Debt Court Battle Pitches Battery Magnate Against GoldenTree

  • GoldenTree lender group sues metals magnate over 2007 loan
  • Meyers says ‘vultures’ seek to take over Eco-Bat Technologies

The lead empire that Howard Meyers started building four decades ago is already contending with cost pressures and European Commission price-fixing allegations, and now it’s locked in a courtroom battle that threatens to wrest the heart of the business away from him.

The dispute involves a 600 million-euro ($633 million) loan that Meyers’s EB Holdings II took out in 2007 and spent much of last year trying to renegotiate. The debt comes due at the end of March and, because of its “payment in kind” interest structure, has ballooned to more than 1.6 billion euros, according to papers filed in a Nevada state court. 

Restructuring talks broke down, and lenders led by GoldenTree Asset Management sued in August, accusing Meyers of fraud and racketeering. They say he caused EB Holdings to overstate its financial health to get the loan and then took some of the proceeds for himself. EB Holdings countersued, saying the lenders, including GoldenTree chief investment officer Steven Tananbaum, dragged out the negotiations, waiting for the debt to go into default. 

Each side denies the other’s allegations. Both cases are before the same Nevada judge, who has already said the GoldenTree group’s claims can proceed. On March 21, EB Holdings is scheduled to argue that its case should be allowed to go forward as well.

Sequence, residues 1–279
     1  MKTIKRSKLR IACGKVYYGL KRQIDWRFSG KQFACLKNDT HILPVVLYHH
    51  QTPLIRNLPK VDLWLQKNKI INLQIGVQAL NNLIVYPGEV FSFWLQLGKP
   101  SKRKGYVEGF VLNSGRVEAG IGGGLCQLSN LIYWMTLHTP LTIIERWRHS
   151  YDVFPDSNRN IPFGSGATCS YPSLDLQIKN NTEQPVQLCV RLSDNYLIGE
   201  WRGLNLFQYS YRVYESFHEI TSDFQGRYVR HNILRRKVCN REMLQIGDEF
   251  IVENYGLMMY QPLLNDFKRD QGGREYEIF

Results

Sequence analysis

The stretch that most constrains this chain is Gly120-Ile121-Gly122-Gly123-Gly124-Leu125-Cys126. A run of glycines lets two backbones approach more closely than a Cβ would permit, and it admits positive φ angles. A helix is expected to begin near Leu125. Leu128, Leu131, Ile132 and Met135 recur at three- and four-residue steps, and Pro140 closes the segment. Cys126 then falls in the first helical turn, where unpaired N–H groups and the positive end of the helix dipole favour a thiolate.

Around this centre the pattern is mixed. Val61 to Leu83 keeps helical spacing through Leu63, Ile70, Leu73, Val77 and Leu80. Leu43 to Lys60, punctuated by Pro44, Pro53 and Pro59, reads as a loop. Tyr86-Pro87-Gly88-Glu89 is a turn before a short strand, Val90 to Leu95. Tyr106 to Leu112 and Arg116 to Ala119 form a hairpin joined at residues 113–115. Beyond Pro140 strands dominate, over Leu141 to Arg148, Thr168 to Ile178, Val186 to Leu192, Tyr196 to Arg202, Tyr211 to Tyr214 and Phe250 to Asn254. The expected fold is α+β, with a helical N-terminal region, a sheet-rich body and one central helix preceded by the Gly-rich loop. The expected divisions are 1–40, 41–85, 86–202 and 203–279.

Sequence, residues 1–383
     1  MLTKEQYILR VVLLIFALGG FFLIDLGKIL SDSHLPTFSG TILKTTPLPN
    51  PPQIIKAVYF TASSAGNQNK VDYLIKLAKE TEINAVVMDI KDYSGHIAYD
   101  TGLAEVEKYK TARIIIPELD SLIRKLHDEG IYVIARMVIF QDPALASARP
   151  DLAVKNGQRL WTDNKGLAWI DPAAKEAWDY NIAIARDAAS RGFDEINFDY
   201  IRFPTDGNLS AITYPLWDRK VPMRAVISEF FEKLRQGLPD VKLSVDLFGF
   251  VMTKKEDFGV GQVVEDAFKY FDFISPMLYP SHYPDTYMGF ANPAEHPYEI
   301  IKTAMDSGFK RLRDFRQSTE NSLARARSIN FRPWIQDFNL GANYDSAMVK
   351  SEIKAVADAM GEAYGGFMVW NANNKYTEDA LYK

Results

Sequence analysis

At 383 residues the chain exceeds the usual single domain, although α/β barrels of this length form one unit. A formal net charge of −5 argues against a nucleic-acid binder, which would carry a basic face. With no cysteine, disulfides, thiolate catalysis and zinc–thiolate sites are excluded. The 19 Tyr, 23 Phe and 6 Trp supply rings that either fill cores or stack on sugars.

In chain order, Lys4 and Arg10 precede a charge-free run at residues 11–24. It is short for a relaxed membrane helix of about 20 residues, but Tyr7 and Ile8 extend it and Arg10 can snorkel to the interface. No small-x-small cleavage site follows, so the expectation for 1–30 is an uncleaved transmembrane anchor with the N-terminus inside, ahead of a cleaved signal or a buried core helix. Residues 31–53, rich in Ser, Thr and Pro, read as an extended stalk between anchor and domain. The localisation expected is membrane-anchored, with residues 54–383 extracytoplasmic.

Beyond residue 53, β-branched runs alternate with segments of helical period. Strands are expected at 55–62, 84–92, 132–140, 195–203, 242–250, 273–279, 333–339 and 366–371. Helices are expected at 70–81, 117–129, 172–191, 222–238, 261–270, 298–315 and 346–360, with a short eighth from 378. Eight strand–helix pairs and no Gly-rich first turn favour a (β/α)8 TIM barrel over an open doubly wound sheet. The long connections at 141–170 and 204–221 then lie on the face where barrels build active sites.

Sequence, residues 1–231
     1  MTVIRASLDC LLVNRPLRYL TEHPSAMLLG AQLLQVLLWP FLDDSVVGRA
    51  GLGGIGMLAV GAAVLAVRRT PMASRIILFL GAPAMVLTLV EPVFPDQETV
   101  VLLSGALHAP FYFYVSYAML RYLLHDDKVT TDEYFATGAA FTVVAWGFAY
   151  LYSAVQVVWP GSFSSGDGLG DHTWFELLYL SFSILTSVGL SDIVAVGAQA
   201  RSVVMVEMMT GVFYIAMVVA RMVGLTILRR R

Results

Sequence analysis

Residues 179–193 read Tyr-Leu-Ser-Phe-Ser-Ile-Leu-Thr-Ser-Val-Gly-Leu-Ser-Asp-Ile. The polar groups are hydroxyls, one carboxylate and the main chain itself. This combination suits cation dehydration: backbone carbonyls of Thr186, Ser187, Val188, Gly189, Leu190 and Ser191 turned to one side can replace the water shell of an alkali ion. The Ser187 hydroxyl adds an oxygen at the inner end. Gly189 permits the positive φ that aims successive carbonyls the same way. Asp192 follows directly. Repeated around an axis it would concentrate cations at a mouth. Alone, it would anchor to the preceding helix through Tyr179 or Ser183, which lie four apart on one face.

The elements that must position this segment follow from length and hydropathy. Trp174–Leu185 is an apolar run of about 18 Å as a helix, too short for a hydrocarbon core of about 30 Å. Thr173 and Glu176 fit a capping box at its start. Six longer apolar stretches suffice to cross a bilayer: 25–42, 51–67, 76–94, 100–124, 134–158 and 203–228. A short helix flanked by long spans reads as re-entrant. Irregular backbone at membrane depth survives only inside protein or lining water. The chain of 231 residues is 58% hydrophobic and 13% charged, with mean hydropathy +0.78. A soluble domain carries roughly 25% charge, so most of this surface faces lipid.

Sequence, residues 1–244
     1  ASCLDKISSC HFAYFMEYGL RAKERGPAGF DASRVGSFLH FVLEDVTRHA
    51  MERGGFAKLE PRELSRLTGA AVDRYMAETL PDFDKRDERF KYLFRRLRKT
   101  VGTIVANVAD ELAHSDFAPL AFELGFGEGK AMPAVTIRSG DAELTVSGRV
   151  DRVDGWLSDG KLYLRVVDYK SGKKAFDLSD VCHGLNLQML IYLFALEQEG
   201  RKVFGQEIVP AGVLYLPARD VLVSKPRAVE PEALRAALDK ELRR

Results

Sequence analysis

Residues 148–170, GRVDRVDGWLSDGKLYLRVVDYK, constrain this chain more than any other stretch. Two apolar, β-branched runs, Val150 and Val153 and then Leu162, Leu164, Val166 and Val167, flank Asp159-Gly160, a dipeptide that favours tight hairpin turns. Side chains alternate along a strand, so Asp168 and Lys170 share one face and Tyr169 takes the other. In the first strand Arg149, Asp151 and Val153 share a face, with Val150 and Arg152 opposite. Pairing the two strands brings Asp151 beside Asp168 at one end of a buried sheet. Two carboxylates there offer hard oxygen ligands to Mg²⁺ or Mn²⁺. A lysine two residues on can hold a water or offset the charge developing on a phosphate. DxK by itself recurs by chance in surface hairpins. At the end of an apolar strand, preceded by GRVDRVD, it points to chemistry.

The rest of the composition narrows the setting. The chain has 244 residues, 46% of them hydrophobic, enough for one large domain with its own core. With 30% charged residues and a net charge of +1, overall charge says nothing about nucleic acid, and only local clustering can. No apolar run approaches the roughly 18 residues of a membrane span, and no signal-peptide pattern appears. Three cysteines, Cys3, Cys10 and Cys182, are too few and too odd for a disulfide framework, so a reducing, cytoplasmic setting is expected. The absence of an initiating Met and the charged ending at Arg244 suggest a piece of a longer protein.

A default on the loan, or a big loss in court, could cost Meyers control over Eco-Bat Technologies Ltd., the Dallas businessman’s main operating company. In court papers, EB Holdings said that unless the Nevada court intervenes, the “takeover scheme may well succeed.”

Old Batteries

Meyers, 74, has been building his lead recycling business since the 1970s. Matlock, England-based Eco-Bat’s main activity is extracting lead from old car batteries and selling it to makers of industrial and automotive batteries.

An increase in the costs of scrapped batteries in Europe and cheaper lead eroded the company’s 2015 earnings to less than a third of what they were in 2011. On top of that, the European Commission last month fined Eco-Bat 32.7 million euros for allegedly participating in a buyers’ cartel that pushed down prices for the old batteries they purchase. Eco-Bat says it hasn’t yet decided whether it will appeal the penalty.

“The European market was difficult due to feedstock price pressures, and that was clearly a problem,” said Marc Pierron, a senior credit analyst at Spread Research in Lyon, France. “At the end of 2015 we were calculating a leverage of around 14 times when taking into consideration the PIK loan, which was clearly too high.”

Triple Damages

Payment-in-kind, or PIK, loans offer lenders a higher rate while allowing borrowers to put off cash interest payments by adding the unpaid amount to the principal. New York-based GoldenTree and the other creditors suing EB Holdings -- including Alcentra Capital Corp., Arvo Investment Holdings, Mount Kellett Capital Management -- say in court papers that they hold almost half the loan and, as of September, were owed 787.7 million euros. Should the lenders’ racketeering claims prevail, U.S. law allows them to seek triple damages.